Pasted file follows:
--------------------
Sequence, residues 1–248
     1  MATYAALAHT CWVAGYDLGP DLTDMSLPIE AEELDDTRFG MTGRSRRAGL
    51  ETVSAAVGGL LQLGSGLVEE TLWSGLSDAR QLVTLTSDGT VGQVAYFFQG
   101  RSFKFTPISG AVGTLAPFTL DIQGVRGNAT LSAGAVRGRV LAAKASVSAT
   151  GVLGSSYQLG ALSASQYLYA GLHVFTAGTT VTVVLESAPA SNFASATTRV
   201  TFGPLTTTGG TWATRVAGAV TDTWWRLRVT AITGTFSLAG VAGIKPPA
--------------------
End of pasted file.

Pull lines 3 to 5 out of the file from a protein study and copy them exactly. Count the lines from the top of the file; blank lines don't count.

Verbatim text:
    51  ETVSAAVGGL LQLGSGLVEE TLWSGLSDAR QLVTLTSDGT VGQVAYFFQG
   101  RSFKFTPISG AVGTLAPFTL DIQGVRGNAT LSAGAVRGRV LAAKASVSAT
   151  GVLGSSYQLG ALSASQYLYA GLHVFTAGTT VTVVLESAPA SNFASATTRV